Paul, writing one of his supporting churches, said this about the missionary life in Philippians 4:10-13: "I rejoice greatly in the Lord that at last you have renewed your concern for me. Indeed, you have been concerned, but you had no opportunity to show it. I am not saying this because I am in need, for I have learned to be content whatever the circumstances. I know what it is to be in need, and I know what it is to have plenty. I have learned the secret of being content in any and every situation, whether well fed or hungry, whether living in plenty or in want. I can do everything through him who gives me strength."

Paul also wrote to his disciple, in 1 Timothy 6:6-8: "But godliness with contentment is great gain. For we brought nothing into the world, and we can take nothing out of it. But if we have food and clothing, we will be content with that."

Today, I can say in all honesty and without any struggle that I am more than content. I'm bordering on a full fledged happy. Of course, we're still eating the peanut butter we brought from the states. I believe that before we run out completely, I'll have matured sufficiently to endure it with contentment and aplumb.

Monday, March 03, 2008

You are here

Lima is a big city. As such, it has some dangerous parts. We are happy to say that we don't live in one of them. We were blessed to find (actually, "be directed to") a beautiful apartment attached to a private park, where the kids can play without fear. We're also about 4 blocks from a park that overlooks the ocean. Colton and I have roller-bladed to this park many times in order watch the sunset. We feel truly blessed.

Unfortunately, I can't figure out a way to show you where we live. In the real world, there are no "you are here" arrows, like on the map at the mall. So, I'll describe it verbally: Go to the center of the map and go strait up. When you reach the diamond shaped park, we live at the top of the diamond. The white stuff on the bottom left corner are waves in the ocean. The green strip above the waves are mountain cliffs. The yellow line is a side-walk we roller-blade on. The blue dot on the left is a sports stadium.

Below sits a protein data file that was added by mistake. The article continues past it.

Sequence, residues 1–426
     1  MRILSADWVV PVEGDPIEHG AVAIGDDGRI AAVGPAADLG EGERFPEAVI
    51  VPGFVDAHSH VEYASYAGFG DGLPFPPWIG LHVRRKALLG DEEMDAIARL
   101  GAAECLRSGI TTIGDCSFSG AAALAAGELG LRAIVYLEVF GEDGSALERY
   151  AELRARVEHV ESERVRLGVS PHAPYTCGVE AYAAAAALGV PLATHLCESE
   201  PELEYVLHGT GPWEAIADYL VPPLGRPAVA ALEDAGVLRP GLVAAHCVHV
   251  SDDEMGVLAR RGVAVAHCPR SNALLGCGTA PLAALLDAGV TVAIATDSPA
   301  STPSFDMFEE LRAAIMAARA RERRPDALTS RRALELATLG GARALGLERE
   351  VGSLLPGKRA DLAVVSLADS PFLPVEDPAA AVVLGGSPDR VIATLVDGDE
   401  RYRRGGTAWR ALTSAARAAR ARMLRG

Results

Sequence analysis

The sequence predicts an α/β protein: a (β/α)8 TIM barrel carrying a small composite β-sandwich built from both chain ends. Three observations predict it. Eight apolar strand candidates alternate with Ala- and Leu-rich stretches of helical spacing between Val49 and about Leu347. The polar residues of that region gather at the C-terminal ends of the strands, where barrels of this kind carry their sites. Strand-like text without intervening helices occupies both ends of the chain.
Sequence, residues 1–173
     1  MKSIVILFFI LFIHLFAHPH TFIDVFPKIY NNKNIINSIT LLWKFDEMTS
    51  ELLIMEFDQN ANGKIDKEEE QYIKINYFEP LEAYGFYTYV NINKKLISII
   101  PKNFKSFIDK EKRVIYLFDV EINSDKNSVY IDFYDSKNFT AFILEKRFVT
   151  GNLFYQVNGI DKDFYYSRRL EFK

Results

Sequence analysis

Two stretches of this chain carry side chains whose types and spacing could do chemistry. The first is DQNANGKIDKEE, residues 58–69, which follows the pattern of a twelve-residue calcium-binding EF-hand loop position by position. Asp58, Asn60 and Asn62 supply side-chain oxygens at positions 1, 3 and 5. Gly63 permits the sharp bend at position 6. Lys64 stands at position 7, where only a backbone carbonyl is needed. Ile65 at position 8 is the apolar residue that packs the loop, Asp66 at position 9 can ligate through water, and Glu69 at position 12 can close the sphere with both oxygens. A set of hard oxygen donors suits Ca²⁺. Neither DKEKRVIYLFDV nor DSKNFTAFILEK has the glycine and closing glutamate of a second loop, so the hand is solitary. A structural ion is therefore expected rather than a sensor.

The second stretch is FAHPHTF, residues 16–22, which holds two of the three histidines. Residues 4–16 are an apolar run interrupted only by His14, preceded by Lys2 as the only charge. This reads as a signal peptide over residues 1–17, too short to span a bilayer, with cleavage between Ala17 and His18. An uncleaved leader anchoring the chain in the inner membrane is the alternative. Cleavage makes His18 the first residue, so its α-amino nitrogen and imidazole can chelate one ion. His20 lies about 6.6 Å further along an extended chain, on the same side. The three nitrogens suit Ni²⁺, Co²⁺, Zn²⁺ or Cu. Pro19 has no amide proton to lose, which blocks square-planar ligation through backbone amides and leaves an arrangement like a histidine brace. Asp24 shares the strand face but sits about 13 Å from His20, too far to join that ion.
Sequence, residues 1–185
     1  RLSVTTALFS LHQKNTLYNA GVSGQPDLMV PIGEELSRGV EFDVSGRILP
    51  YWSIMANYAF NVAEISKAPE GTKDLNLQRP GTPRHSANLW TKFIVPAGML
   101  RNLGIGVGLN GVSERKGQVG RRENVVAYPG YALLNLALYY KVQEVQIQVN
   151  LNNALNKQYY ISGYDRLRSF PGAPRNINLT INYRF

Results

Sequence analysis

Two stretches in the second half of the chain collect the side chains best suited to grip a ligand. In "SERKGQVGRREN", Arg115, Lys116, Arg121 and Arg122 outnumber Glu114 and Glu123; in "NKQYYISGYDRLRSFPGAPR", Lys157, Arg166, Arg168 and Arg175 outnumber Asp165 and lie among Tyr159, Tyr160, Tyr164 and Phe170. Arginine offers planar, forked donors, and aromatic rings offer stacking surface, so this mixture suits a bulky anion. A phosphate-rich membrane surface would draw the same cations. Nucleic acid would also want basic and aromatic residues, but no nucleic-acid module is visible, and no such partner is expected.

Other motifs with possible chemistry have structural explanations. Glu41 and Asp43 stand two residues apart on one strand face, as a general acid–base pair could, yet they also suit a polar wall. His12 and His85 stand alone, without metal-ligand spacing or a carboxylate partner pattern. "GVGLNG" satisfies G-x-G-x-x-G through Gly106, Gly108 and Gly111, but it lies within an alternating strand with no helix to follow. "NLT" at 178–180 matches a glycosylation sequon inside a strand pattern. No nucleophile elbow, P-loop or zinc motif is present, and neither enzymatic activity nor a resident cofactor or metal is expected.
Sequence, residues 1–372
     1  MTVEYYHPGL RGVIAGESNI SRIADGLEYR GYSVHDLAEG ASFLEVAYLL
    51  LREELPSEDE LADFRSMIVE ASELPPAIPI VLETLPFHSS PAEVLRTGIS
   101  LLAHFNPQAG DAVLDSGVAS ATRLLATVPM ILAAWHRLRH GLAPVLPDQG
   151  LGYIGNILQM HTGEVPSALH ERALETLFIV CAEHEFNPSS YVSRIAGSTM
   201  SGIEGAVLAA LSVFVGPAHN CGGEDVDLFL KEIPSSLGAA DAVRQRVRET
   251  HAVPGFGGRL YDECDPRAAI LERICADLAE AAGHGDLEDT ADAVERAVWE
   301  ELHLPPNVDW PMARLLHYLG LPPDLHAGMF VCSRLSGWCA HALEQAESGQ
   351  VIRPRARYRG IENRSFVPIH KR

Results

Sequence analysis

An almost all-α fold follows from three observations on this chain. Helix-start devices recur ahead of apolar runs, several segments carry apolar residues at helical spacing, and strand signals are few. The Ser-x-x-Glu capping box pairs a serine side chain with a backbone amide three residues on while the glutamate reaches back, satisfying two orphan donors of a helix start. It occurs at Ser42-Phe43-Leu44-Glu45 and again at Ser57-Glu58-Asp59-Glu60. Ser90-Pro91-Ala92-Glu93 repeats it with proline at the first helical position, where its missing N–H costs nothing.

Sunday, March 02, 2008

Name that food

Seafood is a big part of the Lima identity. Consequently, every restaurant (except McDonald's) sells "mariscos" (i.e., sea food). The interesting thing about the phrase "sea food" is that it doesn't tell you what kind of food--only that it comes from the sea. There are a lot of edible things that you can hoist out of the great deep. In Lima, they like to combine them in various, nondescript forms for your dining pleasure. Knowing this, I decided to dive in and order "Arroz con mariscos" (sea food with rice). It was fabulous! I could eat it every day. I suspect that the samples below are octopus or squid. I've eaten both before. I like squid best when it's battered and fried. Octopus is, in my opinion, tasteless. Both are like eating industrial rubber bands. The bottom picture is how the meal looks with the identifiable stuff removed for inspection. After taking the picture, I dutifully ate the evidence and went back for more.